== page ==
To achieve the necessary dihedral you should now construct a building board which allows the centre section to sit flat and an adjoining wing panel to be built at the correct angle. One wing only needs to be supported since you can complete one wing and then turn the whole job around to build on the other wing at the correct dihedral. The jig can be built from 19mm ply or similar. Mark the position of ribs spars etc. directly onto the building board and protect with grease proof paper.
Once the centre section is positioned on the board commence the wing panel by cutting out and positioning the bottom sheeting, pin it down. Position and glue the lower spar and glue it securely to the front of the dihedral brace, use weights to hold it flat on the building board. Glue in place the aft section of ribs W1, W2 and W3. Glue in the upper spar. Fit the forward sections of ribs W1, W2 and W3. Glue in the reinforcing pieces designated S4a. Now glue in the spar securing hard points S1. Wedge up the lower wing sheet until it is in contact with the ribs and glue. Fit and glue the upper wing sheeting.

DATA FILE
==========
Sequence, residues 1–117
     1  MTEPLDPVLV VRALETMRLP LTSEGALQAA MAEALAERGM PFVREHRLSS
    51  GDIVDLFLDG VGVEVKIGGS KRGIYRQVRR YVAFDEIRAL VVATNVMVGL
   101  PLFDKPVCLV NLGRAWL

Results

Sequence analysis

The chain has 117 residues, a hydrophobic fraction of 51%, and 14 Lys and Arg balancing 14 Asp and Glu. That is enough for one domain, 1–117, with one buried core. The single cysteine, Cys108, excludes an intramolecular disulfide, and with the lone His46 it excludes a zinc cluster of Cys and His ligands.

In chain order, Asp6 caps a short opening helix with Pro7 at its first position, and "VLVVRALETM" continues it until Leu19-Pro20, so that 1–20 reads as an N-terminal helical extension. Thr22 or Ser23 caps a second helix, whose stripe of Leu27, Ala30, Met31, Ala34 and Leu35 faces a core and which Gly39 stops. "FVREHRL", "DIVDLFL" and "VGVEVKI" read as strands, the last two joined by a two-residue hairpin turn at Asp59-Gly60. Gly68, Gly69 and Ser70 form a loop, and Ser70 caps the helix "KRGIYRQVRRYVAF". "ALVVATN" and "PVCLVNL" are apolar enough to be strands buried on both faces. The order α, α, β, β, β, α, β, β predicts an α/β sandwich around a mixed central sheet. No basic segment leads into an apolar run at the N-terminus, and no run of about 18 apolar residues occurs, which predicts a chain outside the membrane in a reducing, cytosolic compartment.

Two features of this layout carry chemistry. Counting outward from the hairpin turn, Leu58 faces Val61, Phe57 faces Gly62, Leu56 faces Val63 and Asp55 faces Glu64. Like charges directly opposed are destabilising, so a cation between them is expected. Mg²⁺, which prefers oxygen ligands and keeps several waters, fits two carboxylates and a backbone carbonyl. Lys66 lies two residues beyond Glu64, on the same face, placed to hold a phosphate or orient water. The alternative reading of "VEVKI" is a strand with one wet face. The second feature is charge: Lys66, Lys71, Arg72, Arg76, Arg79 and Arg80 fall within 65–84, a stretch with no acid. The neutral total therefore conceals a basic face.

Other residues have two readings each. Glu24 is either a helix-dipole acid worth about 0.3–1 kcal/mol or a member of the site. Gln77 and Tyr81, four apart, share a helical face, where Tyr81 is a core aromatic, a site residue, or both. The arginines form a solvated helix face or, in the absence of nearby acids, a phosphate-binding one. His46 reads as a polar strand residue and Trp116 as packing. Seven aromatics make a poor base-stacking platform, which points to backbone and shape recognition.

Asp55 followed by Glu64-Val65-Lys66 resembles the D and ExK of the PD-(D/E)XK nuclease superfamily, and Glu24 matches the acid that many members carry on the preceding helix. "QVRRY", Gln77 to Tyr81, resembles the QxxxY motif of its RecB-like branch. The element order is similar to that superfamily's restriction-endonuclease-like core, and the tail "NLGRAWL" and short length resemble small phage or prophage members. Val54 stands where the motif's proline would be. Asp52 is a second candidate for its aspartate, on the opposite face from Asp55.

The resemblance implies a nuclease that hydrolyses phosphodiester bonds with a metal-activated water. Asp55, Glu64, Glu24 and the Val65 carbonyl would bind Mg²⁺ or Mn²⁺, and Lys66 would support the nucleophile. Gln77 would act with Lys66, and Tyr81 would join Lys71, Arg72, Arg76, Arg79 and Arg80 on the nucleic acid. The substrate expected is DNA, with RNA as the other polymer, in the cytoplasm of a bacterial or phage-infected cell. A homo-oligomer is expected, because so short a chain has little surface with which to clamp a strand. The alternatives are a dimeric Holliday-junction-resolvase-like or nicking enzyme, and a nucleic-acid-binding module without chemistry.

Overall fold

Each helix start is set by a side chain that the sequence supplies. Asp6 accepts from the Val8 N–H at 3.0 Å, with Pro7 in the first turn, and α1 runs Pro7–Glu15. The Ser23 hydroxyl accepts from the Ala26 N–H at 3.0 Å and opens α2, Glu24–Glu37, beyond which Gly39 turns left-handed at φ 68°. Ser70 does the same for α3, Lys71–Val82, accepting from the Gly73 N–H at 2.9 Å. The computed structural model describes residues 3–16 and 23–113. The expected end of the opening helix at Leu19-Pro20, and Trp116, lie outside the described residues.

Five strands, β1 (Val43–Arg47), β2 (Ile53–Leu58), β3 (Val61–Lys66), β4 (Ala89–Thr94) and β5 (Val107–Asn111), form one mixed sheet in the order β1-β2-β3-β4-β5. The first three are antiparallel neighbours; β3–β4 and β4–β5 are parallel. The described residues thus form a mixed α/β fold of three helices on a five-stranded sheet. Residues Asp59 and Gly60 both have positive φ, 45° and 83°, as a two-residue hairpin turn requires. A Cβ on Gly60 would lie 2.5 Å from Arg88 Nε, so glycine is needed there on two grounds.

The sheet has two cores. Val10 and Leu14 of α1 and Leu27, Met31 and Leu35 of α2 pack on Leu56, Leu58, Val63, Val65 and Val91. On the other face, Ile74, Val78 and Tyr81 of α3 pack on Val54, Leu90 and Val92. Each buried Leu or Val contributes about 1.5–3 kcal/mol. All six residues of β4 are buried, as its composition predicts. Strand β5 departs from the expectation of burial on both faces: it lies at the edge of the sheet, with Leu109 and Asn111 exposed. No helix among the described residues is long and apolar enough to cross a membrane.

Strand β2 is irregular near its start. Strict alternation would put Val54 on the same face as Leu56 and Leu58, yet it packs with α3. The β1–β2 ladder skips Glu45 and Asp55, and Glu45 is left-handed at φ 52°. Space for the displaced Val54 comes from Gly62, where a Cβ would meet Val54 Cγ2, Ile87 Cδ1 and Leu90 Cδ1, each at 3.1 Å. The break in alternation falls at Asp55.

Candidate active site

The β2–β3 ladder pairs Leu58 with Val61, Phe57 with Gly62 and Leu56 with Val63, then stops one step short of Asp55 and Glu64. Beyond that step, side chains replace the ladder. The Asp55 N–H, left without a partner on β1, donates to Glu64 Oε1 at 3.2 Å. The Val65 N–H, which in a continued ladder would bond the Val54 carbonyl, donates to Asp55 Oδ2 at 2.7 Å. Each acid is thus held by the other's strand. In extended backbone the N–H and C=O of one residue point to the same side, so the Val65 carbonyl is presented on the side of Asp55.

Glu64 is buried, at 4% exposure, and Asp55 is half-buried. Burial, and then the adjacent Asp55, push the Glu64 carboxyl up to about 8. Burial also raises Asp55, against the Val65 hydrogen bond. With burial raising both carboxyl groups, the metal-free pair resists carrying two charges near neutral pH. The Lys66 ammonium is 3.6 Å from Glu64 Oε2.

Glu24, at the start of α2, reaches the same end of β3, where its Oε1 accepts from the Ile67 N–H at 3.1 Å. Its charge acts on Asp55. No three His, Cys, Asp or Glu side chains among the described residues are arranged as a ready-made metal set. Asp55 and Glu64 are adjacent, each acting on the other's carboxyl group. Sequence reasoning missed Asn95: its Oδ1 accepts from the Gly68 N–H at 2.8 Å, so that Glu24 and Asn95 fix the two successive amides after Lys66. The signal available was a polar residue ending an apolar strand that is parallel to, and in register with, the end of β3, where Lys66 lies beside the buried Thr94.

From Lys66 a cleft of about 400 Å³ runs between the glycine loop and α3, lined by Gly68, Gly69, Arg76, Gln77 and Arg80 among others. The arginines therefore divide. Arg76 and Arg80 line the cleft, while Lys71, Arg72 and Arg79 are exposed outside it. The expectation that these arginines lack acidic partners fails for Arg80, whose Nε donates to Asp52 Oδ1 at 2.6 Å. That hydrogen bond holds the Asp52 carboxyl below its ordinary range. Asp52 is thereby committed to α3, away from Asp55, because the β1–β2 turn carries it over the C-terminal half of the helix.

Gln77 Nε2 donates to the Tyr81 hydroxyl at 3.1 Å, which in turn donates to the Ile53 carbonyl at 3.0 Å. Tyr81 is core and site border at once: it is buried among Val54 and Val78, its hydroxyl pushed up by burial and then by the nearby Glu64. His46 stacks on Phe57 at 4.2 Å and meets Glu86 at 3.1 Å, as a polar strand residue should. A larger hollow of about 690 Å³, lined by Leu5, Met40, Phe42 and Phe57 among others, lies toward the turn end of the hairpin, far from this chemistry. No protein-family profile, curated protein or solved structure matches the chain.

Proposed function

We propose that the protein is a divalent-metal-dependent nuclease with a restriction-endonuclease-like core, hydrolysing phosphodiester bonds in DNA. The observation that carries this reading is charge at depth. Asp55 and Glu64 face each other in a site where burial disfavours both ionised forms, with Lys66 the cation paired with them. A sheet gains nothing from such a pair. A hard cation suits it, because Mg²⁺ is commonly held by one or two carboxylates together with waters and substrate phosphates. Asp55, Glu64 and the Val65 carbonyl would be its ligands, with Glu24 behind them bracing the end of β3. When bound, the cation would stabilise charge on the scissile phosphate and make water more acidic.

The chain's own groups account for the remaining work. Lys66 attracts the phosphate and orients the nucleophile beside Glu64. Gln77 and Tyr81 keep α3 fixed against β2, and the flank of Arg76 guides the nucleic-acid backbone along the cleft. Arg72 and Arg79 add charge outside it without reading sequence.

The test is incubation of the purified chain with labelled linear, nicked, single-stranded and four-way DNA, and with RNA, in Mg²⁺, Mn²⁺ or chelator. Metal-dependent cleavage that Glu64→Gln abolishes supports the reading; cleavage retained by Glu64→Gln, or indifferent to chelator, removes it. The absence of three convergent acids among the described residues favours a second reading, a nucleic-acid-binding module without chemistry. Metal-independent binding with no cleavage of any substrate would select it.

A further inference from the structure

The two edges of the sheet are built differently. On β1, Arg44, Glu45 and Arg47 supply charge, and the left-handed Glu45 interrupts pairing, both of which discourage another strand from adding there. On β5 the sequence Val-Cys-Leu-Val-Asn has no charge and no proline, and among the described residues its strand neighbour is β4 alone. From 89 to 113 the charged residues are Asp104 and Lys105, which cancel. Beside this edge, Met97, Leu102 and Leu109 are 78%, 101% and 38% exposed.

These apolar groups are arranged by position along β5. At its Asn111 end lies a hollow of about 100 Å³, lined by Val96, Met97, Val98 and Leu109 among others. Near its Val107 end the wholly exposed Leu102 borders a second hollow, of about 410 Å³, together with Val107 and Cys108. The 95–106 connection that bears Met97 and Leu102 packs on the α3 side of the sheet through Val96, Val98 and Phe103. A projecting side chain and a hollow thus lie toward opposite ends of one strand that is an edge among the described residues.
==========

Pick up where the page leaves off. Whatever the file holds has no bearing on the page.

Install the dihedral brace D1, followed by leading edge strip and trailing edge spars. Repeat this process for the other wing panel. Once both wing panels have been completed the wing can be removed from the building board.